NK: How would you say the role of the military in humanitarian demining has changed or developed over the years?
LTC C: Initially, the program, I wouldn't call it ad hoc, but it took Department of Defense and Southern Command awhile to establish the relationships that we have with OAS, to come up with the exact right template of forces that are needed for a problem. Right now, before any demining mission, we do a comprehensive pre-deployment site survey to identify exactly what the team needs to do when they're down there, and that's done about six months before the mission. During that period of time, the team is gaining the situational awareness of the mine problem on the ground, what the community needs, the type of training the partner nation military needs, and is able to go through a very programmatic process and preparation phase, so that when they go down, it's not a bunch of guys showing up saying, "Hey, we know how to demine. What do you need?" It's a thought-out, well-organized, planned and executed procedure with a number of checklists to make sure that we're not leaving anything out and we're addressing all of the requirements that not just the partner nation military but also the community needs. Fifteen years ago, it was not as well-programmed, and that's just a matter of growth and continuity of personnel in key positions and experience in the program.
NK: You were just talking about addressing the community needs—how does the community react or how receptive are they to the military coming in and conducting the demining operations?
LTC C: First of all, all of the countries in which we're currently conducting demining operations—Nicaragua, Honduras, Ecuador, Peru—these are countries that are used to having a military presence because our demining operations and HMA programs started after their conflicts were over. So they have gone from a period of either civil war or international conflict where people are killing each other to a period where now the military is coming in and helping them get their land back. So the communities are wonderfully receptive. It is absolutely unbelievable. We're received with open arms by community leaders and the population. We're there to help them solve their problem. The community relations is a critical component of it, and that's what our civil affairs personnel work when they're down there. I can't think of an instance where we've had anything but wonderful reception from the community—from the national level all the way on down to the people that are in a particular community of any size.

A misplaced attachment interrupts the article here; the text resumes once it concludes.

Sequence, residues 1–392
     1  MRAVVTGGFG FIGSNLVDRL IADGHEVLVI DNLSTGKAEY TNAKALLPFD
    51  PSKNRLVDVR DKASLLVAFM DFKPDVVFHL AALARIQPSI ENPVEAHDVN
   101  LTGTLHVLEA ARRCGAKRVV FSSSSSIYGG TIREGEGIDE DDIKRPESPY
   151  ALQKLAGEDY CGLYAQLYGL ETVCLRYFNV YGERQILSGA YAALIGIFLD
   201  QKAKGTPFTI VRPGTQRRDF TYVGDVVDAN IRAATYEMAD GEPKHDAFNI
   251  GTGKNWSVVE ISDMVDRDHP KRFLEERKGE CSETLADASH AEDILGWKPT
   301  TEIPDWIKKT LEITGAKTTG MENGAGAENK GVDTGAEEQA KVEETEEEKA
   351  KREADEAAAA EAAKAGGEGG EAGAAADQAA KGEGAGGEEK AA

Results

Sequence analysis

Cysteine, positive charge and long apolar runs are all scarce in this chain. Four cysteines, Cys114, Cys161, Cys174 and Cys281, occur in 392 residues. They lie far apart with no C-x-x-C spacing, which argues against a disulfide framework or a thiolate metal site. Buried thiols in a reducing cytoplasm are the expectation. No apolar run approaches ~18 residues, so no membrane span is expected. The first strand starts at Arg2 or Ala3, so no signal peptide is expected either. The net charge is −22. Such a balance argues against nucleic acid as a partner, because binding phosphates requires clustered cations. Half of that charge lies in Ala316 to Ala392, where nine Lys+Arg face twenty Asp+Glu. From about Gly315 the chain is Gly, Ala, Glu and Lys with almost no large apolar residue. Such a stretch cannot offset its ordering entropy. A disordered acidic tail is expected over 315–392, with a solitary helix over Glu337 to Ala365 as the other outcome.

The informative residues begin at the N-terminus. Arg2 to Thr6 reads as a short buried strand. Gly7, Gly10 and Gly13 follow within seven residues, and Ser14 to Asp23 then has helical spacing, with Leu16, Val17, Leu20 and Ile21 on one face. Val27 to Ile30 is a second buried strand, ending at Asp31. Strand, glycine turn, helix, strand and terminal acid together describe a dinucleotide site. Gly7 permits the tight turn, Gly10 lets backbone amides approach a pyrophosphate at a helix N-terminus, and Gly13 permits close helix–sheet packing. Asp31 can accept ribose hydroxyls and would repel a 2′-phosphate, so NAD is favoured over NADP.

NK: How would you say the military approach to mine action is different from the humanitarian sector approach?
LTC C: That's a great question. Probably the biggest difference is that we do not actually conduct demining operations. We train the trainers on how to conduct demining operations. And that's a policy decision that the United States has made in which our forces are not authorized to actually pick up or remove mines. Our mission is to train the partner nation personnel in how to do that. Now, if you look at HALO Trust or MAG [the Mines Advisory Group]—a number of the NGOs [non-governmental organizations] go out and they actually conduct the demining operations themselves. Our focus really is on capacity building in the demining area and not the conduct of the demining operations.